Change in viscosity of the circulated duid thus merely affects the amount of the pressure drop to be maintained across the orifice 40, and alters the amount thereof in exact accordance with the effect of such change in viscosity upon the amount of the pressure drop actually taking place across the orifice 43 with the output of the pump I0 constant and with the adjustment of the orlce 40 and of the spring 34 unchanged.

The compensating mechanism therefore c0- operates with the other parts of the output control of the present invention to hold the delivered volume of the pump substantially constant for any setting or adjustment of the orifice 4U and spring 34, regardless of change in viscosity, speed or operation of the pump IIJ, leakage or for any other reason whatsoever.

In order to prevent leakage of fluid from the valve bore 26 into the compensating cylinder 63 and 64, which leakage might possibly affect the pressures existing in said compensating cylinders, the members 59 and 60 are provided With counterbores or leakage grooves li and 'I2 respectively, intermediate the ends of the valve bore 26 and the exposed ends of the compensating pistons, and said leakage grooves are appropriately connected with the exhaust passage 29 which leads to the reservoir I2.

The pump 61 may be of very small capacity as it is only necessary for it to circulate suicient fluid to produce the required pressure drop across the orice 10. The actual volume circulated by the pump 61 is otherwise unimportant and the adjustable feature of the orifice makes it possible to obtain this required pressure drop with an extremely small output of said pump 61. The principal requirement is that the pump 61 be driven at a substantially constant speed in order that its output may be substantially constant; this may be readily accomplished as the load is small and is also substantially constant.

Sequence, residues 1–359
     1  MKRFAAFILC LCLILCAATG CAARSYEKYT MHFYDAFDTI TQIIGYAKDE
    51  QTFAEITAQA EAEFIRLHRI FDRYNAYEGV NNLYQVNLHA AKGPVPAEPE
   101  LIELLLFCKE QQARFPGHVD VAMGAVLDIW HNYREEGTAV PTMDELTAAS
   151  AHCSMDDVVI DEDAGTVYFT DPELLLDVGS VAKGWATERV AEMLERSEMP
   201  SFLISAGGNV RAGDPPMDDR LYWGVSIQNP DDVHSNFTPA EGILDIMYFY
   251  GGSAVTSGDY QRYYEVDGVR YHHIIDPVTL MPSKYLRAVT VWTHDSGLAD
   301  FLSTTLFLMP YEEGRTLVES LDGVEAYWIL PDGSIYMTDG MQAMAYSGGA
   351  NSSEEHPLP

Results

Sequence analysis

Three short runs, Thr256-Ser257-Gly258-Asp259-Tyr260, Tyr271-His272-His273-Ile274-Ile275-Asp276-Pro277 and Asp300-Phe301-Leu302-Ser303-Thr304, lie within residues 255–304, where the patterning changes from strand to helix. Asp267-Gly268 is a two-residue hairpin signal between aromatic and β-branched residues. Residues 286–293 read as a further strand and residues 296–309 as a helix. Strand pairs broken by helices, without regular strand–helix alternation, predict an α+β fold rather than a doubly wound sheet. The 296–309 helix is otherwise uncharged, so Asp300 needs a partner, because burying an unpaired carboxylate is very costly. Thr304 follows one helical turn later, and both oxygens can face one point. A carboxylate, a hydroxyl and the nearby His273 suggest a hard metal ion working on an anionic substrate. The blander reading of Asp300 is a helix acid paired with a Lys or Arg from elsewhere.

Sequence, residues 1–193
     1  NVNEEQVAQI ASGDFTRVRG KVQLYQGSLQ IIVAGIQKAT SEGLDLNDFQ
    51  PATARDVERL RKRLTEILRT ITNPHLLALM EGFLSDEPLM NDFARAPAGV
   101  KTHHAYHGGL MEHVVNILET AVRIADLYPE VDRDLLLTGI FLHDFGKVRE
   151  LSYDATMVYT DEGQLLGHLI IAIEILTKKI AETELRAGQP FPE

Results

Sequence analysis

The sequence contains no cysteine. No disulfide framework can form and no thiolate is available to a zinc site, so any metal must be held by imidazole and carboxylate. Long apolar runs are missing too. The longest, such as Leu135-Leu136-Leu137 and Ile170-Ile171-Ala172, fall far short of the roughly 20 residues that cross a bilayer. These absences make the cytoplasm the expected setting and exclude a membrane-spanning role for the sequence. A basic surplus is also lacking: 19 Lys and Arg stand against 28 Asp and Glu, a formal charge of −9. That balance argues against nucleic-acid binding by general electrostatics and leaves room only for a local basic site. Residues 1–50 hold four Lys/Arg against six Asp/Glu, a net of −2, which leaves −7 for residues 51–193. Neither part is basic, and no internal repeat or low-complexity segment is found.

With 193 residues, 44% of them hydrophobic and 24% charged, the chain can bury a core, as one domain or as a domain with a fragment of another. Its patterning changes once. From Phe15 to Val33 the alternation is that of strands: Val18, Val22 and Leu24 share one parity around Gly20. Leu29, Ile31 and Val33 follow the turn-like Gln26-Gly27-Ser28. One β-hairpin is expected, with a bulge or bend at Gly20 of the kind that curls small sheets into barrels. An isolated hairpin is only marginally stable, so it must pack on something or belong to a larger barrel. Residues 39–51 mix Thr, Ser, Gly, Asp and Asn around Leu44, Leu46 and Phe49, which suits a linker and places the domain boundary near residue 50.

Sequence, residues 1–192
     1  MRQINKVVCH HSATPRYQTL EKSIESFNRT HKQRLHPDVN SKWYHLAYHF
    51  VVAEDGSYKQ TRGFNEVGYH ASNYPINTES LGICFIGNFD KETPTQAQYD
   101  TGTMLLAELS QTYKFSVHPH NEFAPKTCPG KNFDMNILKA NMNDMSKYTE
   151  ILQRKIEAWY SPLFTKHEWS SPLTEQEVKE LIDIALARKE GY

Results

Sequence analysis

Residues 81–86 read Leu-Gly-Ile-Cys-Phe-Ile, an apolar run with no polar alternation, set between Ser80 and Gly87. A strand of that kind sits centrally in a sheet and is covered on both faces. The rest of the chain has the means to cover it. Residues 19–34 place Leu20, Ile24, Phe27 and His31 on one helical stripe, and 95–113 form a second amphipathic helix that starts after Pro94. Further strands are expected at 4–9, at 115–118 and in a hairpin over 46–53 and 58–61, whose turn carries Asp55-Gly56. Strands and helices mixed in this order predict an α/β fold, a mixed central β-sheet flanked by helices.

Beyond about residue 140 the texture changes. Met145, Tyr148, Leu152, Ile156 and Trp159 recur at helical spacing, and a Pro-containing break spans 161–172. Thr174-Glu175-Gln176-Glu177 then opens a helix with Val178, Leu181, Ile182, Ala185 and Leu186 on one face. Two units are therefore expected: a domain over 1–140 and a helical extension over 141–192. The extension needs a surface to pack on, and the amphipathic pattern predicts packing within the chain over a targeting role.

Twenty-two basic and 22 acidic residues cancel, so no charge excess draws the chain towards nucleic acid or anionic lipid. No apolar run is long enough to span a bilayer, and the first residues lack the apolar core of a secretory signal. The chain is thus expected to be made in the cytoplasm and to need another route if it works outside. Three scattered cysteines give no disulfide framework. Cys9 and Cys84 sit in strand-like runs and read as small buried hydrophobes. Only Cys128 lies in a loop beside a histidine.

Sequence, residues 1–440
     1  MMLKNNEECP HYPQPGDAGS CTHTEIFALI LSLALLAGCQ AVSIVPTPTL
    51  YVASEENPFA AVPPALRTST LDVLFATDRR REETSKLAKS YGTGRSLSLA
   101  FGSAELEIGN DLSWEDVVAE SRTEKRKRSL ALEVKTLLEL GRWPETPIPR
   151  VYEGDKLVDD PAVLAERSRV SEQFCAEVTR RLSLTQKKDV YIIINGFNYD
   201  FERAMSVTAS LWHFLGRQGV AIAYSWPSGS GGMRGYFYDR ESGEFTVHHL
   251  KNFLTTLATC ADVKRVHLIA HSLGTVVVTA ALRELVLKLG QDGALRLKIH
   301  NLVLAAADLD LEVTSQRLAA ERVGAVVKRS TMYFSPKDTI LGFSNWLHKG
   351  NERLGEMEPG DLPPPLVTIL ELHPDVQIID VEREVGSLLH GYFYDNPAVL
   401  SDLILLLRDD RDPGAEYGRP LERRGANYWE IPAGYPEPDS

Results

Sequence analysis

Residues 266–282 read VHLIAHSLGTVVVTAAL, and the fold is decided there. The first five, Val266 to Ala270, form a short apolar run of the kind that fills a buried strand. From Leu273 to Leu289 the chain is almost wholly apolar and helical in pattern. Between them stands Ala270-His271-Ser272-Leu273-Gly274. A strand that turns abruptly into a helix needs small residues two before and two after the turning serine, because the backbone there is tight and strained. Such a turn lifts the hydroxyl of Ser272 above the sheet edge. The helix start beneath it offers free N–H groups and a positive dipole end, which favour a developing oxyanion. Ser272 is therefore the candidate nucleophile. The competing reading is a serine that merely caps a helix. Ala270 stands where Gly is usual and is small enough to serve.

The pressure of the delivered fluid of the pump 61 will always be relatively low so that an inexpensive type of pump may be employed and power losses incident to its operation will be small. The use of the pump 61 provides a simple and effective means for obtaining a constant rate of fluid flow through the orifice 'I0 but it will be understood, however, that any other means for obtaining said constant rate of fluid flow there-through may be substituted for` the arrangement as shown.